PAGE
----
Nope, not gonna touch this one. Too easy.
It’s easy to pick on classics. In fact, by virtue of being considered ‘classic’, they’re almost assuredly not as good as they’re said to be. Anything so beloved is automatically suspect. This is not contrarianism; it’s healthy skepticism. In an age where most people still aren’t atheists and science is constantly hindered by new age nonsense, skepticism is beyond necessary.
I figured I’d apply that maxim to culture and pick the ten most overrated classic movies ever made. But, like I said, it’s easy to pick on the big ones. Casablanca, The Godfather, and Gone With the Wind all have their place in history, but that doesn’t make them better than Back to the Future. And they aren’t. Not artistically, and certainly not in our collective hearts.
However, here, rather than just list the most acclaimed classic movies and call it a day, I really wanted to hone in on some particular titles that I find obnoxiously overrated:
Continue reading The 10 Most Overrated Classic Movies
Greed (1924) | Directed by Erich von Stroheim
There’s a film writer I like named Marya Gates who once tackled the idea that “old movies” aren’t worthwhile. In a short video overview of film history from inception to the present day, she concluded that “if you don’t love all of it, I don’t understand how you can watch any of it.”
This, to me, is the only valid way of viewing movies. Dismissive negativity is the cheapest commodity in the world and the culture of holding yourself in smug superiority over what you’re viewing seems only to grow in the echo chamber of the internet, full as it is of teenagers and self-proclaimed cynics who cling to their assumptions and prejudices as an essential and valuable part of themselves, not recognizing that those qualities are our greatest failings. So, I’m baffled by your piece The Idea of What a Movie Is.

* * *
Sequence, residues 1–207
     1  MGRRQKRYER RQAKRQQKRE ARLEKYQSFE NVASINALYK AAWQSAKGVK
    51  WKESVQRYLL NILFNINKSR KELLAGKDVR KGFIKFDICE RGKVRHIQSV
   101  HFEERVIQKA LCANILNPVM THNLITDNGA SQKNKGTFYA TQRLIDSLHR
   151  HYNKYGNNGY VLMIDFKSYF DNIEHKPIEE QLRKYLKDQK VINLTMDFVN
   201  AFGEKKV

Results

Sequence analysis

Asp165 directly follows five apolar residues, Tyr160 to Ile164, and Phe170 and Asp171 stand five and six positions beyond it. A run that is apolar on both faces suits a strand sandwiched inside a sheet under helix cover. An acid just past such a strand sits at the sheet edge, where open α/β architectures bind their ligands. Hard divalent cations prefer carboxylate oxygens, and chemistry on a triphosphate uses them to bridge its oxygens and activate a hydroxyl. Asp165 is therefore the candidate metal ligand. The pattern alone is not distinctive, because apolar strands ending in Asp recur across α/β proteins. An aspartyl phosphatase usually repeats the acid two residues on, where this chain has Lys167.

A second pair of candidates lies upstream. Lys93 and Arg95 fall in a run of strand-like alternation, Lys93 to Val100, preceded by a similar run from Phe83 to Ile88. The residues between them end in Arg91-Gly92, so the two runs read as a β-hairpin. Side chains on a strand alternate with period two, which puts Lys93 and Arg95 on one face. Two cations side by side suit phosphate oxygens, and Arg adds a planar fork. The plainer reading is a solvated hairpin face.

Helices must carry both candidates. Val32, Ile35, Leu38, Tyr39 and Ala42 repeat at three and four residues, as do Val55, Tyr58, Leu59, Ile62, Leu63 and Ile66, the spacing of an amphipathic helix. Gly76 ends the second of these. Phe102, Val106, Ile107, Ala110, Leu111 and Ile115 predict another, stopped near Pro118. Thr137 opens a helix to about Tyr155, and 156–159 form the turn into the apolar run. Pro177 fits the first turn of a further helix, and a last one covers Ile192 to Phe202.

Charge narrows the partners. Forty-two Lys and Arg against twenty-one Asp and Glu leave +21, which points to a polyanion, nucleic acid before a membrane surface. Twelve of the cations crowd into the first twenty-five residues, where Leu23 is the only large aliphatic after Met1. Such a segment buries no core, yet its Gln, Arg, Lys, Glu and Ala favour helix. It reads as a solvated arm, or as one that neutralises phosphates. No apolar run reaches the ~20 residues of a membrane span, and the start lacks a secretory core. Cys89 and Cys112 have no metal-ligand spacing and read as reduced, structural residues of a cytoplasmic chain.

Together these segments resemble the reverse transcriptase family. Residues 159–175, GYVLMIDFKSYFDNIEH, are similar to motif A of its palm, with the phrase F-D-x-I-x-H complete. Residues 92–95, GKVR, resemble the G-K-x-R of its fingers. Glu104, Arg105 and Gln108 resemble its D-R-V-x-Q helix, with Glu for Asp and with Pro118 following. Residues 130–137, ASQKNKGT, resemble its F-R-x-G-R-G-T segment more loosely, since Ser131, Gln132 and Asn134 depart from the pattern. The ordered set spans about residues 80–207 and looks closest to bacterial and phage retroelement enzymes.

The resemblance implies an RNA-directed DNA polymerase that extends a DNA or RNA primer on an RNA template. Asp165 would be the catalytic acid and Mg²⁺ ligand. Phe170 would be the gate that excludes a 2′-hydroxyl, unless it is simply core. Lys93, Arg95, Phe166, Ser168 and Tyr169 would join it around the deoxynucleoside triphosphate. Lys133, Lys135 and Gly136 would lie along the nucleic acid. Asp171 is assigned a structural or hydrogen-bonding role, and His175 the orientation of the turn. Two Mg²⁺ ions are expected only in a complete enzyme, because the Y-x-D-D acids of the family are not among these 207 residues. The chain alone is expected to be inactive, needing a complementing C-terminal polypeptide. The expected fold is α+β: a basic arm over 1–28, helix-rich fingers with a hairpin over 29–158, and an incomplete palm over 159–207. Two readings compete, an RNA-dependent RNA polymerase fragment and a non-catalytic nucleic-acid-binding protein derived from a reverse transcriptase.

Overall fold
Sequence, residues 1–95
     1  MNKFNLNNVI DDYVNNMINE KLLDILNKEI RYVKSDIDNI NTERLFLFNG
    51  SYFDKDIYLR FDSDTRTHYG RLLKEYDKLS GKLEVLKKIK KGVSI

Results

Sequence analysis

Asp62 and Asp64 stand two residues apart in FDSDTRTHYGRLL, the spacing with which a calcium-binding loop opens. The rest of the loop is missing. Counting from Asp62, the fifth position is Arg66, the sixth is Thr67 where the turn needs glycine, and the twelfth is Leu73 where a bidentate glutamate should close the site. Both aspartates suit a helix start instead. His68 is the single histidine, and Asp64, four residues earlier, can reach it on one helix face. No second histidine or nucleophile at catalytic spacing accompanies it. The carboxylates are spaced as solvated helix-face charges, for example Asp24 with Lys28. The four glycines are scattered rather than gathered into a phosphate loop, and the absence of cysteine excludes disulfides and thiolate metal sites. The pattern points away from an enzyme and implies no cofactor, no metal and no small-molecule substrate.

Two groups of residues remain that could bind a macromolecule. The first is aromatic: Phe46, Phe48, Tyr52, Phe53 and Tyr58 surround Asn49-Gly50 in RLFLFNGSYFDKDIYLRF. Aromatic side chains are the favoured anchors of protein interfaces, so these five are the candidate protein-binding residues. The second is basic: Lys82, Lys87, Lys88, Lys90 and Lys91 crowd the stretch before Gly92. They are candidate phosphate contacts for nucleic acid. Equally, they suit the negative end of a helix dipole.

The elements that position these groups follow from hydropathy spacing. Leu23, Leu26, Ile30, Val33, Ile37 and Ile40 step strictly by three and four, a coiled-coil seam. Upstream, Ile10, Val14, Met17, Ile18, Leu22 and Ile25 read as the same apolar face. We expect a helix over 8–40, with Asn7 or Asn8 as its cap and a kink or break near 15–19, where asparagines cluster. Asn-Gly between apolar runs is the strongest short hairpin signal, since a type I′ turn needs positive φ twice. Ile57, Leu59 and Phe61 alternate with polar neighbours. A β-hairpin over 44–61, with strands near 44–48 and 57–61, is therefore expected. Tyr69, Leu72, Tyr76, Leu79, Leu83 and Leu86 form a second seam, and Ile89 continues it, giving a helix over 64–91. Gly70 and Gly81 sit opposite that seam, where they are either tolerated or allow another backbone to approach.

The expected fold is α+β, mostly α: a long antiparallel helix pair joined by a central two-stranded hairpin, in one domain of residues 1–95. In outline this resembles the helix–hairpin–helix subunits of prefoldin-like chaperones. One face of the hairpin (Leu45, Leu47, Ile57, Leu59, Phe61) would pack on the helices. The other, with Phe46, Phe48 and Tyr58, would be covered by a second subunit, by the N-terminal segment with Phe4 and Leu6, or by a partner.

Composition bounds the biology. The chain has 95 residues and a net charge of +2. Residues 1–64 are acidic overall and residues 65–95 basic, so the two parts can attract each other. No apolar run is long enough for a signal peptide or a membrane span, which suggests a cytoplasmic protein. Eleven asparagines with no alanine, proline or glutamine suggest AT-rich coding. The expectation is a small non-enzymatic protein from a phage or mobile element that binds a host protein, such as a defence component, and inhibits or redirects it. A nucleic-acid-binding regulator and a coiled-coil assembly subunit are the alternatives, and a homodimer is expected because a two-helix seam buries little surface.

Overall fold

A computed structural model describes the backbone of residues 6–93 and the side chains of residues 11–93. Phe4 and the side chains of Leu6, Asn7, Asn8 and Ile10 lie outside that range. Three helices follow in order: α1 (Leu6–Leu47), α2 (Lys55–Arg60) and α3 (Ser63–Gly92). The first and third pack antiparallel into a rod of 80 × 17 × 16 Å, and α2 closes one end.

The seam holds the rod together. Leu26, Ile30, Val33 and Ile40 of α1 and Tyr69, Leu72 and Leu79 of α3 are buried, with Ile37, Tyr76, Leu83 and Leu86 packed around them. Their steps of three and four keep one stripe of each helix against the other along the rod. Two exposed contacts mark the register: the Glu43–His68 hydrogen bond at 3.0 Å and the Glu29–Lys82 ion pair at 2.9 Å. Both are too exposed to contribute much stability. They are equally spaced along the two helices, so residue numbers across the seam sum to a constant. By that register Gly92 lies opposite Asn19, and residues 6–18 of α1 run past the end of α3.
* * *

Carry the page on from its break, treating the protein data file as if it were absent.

Continue reading A Rebuttal to ‘The Idea of What a Movie Is’
Just a Bunch of Footage
Security camera footage is not a movie, but screened at a film festival with a name like ‘Big Brother’s Kung Fu Grip’ (or some artsy crap) it is. Andy Warhol filming the Empire State Building for nine hours is a movie—the video the real estate agent showed you of the interior of the house on Maple is not. It’s all about context and intention.
Continue reading The Idea of What a Movie Is: A Very Greg Journey Through Film